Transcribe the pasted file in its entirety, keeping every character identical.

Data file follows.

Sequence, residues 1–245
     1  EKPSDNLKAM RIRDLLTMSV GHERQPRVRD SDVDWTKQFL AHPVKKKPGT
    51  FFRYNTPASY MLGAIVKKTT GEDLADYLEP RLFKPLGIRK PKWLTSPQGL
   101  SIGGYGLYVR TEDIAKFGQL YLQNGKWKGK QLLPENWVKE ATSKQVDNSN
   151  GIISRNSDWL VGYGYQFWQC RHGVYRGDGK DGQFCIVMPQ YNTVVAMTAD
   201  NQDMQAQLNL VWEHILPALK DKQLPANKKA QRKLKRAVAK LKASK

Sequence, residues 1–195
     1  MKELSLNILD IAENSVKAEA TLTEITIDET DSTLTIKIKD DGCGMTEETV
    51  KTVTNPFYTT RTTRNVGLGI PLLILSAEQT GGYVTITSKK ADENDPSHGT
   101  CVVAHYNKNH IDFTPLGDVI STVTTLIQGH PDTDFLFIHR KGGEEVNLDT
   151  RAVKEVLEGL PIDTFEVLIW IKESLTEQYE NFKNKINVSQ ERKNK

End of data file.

Sequence, residues 1–245
     1  EKPSDNLKAM RIRDLLTMSV GHERQPRVRD SDVDWTKQFL AHPVKKKPGT
    51  FFRYNTPASY MLGAIVKKTT GEDLADYLEP RLFKPLGIRK PKWLTSPQGL
   101  SIGGYGLYVR TEDIAKFGQL YLQNGKWKGK QLLPENWVKE ATSKQVDNSN
   151  GIISRNSDWL VGYGYQFWQC RHGVYRGDGK DGQFCIVMPQ YNTVVAMTAD
   201  NQDMQAQLNL VWEHILPALK DKQLPANKKA QRKLKRAVAK LKASK

Sequence, residues 1–195
     1  MKELSLNILD IAENSVKAEA TLTEITIDET DSTLTIKIKD DGCGMTEETV
    51  KTVTNPFYTT RTTRNVGLGI PLLILSAEQT GGYVTITSKK ADENDPSHGT
   101  CVVAHYNKNH IDFTPLGDVI STVTTLIQGH PDTDFLFIHR KGGEEVNLDT
   151  RAVKEVLEGL PIDTFEVLIW IKESLTEQYE NFKNKINVSQ ERKNK